A number of different techniques and fabrication processes have been used to form MOSFET devices using the salicide process. With reference to FIGS. 1A-1I, one typical MOSFET fabrication process according to conventional techniques will be described. In FIG. 1A, separate MOSFET devices are separated on a silicon substrate 102 using isolation structures, such as a field oxide (not shown) or a shallow isolation trench 216. A shallow isolation trench 216, for example, can be formed by etching either isotropically with wet techniques or anisotropically with dry etch techniques. An oxide 218 is thereafter deposited within the trench 216. The oxide 218 is deposited such that an edge 220 of the oxide 218 meets the substrate 102 at what will later be lightly doped regions within the substrate 102. For purposes of clarity, the trench 216 and the oxide 218 are not shown in FIGS. 1B-1I.

In FIG. 1B, a gate oxide 104, formed from silicon dioxide, is formed on the top surface of the substrate 102 using thermal oxidation at temperatures from 700 to 1000° C. in an oxygen atmosphere. After deposition of the gate oxide 104, a blanket layer of undoped polysilicon 106 is deposited, for example by low pressure chemical vapor deposition (LPCVD), on the top surface of gate oxide 104. The polysilicon layer 106 deposited on the substrate 102 can then be implanted with nitrogen ions, as depicted by arrows 160. The nitrogen ions are added to retard the diffusion of boron atoms.

In FIG. 1C, a photoresist 110 is deposited as a continuous layer on the polysilicon layer 106, and the photoresist 10 is selectively irradiated using a photolithographic system, such as a step and repeat optical projection system, in which ultraviolet light from a mercury-vapor lamp is projected through a first reticle and a focusing lens to obtain a first image pattern. The photoresist 110 is then developed and the irradiated portions of the photoresist are removed to provide openings in the photoresist 110. The openings expose portions of the polysilicon layer 106 which will thereby define a gate electrode.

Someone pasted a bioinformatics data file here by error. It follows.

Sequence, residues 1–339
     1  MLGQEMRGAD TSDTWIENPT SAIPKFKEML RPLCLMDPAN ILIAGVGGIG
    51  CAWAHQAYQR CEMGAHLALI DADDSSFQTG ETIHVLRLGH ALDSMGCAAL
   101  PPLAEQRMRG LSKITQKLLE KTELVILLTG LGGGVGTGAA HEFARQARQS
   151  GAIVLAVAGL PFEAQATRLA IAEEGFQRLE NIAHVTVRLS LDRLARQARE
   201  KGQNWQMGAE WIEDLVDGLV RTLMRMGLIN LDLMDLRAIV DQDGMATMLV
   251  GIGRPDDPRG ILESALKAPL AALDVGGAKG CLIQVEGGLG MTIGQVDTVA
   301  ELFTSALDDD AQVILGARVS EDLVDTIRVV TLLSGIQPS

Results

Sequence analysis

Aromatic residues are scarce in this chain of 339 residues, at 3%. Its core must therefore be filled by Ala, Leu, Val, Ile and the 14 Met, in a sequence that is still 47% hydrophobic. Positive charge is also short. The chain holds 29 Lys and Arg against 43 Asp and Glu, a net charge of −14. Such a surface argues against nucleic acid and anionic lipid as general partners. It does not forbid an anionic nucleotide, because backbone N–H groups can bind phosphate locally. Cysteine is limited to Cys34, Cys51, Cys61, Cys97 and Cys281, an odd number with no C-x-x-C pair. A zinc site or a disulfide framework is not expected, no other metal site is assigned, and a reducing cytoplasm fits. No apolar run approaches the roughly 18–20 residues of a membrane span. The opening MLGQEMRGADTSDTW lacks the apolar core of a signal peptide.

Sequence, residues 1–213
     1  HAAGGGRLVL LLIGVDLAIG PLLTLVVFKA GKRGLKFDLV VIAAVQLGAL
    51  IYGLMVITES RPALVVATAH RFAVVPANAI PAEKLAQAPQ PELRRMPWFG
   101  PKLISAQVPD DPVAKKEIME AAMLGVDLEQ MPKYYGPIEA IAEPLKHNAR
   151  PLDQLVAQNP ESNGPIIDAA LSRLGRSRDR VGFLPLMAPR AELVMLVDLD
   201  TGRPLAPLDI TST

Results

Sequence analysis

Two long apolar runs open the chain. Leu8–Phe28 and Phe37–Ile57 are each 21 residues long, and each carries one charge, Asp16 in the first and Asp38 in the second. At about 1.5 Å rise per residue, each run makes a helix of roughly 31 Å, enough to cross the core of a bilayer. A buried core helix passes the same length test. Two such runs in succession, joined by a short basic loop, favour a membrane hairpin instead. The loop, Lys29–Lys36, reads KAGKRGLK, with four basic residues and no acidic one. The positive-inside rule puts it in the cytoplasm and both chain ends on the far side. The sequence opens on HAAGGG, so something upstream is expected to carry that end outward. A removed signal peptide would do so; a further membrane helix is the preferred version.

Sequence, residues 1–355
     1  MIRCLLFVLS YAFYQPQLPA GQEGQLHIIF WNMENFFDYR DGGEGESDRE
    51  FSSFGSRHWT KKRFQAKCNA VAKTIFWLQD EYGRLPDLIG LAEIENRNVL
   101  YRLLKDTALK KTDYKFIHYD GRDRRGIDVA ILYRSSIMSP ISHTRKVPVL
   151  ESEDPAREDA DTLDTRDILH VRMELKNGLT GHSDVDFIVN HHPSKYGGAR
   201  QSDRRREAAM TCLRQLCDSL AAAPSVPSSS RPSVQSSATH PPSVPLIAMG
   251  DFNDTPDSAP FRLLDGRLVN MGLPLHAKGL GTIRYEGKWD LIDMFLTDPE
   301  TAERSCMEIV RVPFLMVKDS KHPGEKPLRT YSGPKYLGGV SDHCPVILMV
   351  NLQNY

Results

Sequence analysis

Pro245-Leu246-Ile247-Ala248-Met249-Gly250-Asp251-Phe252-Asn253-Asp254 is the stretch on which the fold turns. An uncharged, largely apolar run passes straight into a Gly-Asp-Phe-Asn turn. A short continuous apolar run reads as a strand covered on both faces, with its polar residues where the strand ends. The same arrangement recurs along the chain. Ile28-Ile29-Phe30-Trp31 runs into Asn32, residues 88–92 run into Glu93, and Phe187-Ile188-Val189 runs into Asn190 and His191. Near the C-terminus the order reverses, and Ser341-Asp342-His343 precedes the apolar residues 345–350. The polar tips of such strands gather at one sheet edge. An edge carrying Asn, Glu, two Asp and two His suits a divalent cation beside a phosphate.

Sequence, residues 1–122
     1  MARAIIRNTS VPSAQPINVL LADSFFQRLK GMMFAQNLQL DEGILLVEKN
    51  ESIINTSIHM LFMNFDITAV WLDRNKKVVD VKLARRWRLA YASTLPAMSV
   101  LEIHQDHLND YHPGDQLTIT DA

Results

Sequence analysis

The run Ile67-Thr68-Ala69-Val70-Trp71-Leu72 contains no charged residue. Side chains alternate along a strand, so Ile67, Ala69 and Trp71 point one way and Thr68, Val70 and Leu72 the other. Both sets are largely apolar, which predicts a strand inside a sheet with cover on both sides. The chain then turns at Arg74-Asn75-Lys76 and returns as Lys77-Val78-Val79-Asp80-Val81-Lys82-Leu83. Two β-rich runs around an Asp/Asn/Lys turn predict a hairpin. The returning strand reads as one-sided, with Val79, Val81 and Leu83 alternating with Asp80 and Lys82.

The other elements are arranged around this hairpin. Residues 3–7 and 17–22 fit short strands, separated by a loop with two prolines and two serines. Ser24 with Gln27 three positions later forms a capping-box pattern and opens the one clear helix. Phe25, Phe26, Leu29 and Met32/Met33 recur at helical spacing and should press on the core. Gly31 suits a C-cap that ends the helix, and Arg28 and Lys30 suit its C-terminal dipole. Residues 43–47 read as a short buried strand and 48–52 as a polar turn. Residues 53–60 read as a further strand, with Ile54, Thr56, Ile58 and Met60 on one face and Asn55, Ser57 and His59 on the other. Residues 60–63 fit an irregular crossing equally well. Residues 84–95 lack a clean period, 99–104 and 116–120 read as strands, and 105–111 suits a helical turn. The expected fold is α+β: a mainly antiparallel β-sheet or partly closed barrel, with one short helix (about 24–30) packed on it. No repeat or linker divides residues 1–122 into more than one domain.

In FIG. 1D, an anisotropic etch is applied to remove the exposed portions of the polysilicon layer 106 and the underlying portions of the gate oxide 104. After etching, the remaining portion of polysilicon layer 106 provides a polysilicon gate 112 with opposing vertical sidewalls (or, edges) 114, 116.

In FIG. 1E, the photoresist 110 is stripped, and lightly doped (LDD) source/drain regions 130, 132 are formed by an ion implantation, as represented by arrows 128. The ion implantation may be an n-type dopant, such as arsenic, if an NMOSFET is desired, or a p-type dopant, such as boron, if a PMOSFET is desired. The LDD source/drain regions 130, 132 are formed within the substrate 102 immediately adjacent to the sidewalls 114, 116 and are self-aligned with the polysilicon gate 112.

In FIG. 1F, sidewall spacers 162, 164 are formed following the implantation of the LDD source/drain regions 130, 132. The sidewall spacers 162, 164 may be silicon nitride or, alternatively, silicon oxide formed from material such as plasma-enhanced oxide (PEOX) or tetraethoxysilane (TEOS) oxide. The sidewall spacers 162 and 164 are formed immediately adjacent to the polysilicon gate 112 and over the substrate 102. After formation of the sidewall spacers 162, 164, heavily doped (HDD) source/drain regions 200, 202 are formed by a second ion implantation, as represented by arrows 204. The HDD source/drain regions 200, 202 are formed within the substrate 102 and extend past the LDD regions 130, 132 immediately adjacent to the sidewall spacers 162, 164. The sidewall spacers 162, 164 act as masks, which protect portions of the LDD regions 130, 132 from being heavily doped.

In FIG. 1G, a metal silicide is formed following the creation of the source/drain regions 130, 132. This process involves blanket depositing a layer of nickel 140, or other metals such as titanium and cobalt, over the polysilicon gate electrode 112 and the source/drain regions 130, 132 of the substrate 102. Although titanium and cobalt have been used to form silicide layers, nickel silicide (NiSi) has recently become a preferred silicide material for several reasons. An advantage of nickel silicide is that it can be rapidly formed at low temperature (400-600° C.), making it suitable for low temperature processes in MOSFET fabrication. Other advantages of nickel silicide include no linewidth dependence, a reduction in “creep up” phenomenon, low resistivity, a one-step anneal, a larger process window, and low silicon consumption. Yaozhi Hu and Sing Pin Tay, “Spectroscopic Ellipsometry Investigation of Nickel Silicide Formation by Rapid Thermal Process”, J. Vac. Sci. Technol. A 16(3), May/June 1998, 1820.